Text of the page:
While colon cancer deaths are going down among African-Americans, we still are more likely to die from the disease. Overall, African-Americans are twice as likely to die from the disease, with Black men dying up to five years earlier than white men.
What’s up with that?
Researchers from University of Michigan analyzed 503 patients with colon cancer — 45 percent were Black and 55 percent white — and found that Blacks were 50 percent less likely to develop a type of colon cancer that comes with a better chance of survival.
Only 7 percent of Blacks had a type of cancer with a genetic marker called microsatellite instability, or MSI. Even though MSI can be resistant to cancer treatment, those who have this form still have a better chance of surviving the disease. Fourteen percent of whites had MSI.
A whopping 93 percent of Blacks with colon cancer do not have this marker and don’t get to reap the survival benefits.
However, researchers also found another explanation for our depressing mortality rates: The location of where the colon cancer presents itself in our bodies.
We are more likely to have colon cancer on the right side of our bodies than our left. Often doctors miss diagnosing colon cancer on the right side compared to left side. Unfortunately, by the time the cancer is found, it’s progressed in patients, which can lower one’s survival rate.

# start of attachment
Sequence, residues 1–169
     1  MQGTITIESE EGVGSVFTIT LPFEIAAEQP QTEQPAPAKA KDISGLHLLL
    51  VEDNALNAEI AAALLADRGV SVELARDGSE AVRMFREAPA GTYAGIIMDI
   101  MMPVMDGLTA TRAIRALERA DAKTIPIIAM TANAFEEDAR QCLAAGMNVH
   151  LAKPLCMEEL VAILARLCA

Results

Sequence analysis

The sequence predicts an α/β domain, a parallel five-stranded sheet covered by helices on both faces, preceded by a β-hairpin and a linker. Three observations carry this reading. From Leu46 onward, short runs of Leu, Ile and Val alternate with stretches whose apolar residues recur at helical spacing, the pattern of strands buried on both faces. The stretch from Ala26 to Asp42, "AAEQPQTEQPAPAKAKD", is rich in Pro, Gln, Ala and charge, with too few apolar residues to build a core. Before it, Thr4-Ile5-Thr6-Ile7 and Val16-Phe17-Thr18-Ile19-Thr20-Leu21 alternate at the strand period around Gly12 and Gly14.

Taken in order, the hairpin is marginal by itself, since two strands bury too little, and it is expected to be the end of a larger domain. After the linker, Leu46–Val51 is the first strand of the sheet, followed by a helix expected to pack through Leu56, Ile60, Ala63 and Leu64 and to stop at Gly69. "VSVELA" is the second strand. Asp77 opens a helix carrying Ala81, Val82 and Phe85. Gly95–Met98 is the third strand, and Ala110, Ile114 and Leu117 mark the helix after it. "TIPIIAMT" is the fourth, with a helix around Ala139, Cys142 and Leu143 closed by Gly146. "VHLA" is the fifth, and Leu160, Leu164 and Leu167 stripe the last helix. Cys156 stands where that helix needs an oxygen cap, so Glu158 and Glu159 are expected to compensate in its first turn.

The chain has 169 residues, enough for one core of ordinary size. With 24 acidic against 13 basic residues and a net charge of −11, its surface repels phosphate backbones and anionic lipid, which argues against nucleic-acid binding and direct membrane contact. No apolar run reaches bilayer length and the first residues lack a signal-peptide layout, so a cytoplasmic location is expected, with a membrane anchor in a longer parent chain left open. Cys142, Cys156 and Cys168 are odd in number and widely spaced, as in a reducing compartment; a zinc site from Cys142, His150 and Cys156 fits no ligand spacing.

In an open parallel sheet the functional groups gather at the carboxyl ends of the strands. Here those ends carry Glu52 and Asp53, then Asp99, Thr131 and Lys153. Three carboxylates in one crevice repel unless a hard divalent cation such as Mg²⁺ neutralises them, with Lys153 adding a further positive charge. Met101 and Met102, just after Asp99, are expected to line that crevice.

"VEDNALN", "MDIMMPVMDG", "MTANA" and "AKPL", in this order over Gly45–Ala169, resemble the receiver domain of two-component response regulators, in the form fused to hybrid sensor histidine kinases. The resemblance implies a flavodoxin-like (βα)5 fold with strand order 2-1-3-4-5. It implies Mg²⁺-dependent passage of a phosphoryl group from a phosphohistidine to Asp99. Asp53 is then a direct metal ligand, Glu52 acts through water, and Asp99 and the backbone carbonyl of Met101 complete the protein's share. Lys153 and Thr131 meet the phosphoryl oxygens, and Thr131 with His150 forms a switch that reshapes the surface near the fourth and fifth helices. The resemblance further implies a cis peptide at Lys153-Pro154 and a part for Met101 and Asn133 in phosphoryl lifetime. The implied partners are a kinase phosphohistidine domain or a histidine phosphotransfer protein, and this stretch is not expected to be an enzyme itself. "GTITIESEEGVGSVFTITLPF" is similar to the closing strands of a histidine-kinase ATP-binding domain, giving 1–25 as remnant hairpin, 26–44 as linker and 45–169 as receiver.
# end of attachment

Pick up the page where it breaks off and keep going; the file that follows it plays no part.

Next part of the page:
“Right-sided colon cancer may be the ‘black ice’ of the colon, unseen but potentially deadly. Strategies to better recognize and detect right-sided cancer may need to be pursued in a broader fashion,” the study’s main author Dr. John Carethers said.
While there’s no magic pill to take to make sure we don’t get colon cancer, there are things that we can do to help prevent it. Getting screened regularly for the disease when you turn 50, eating right, working out and limiting the amount of liquor you drink can all help.
Learn more about colon cancer here.
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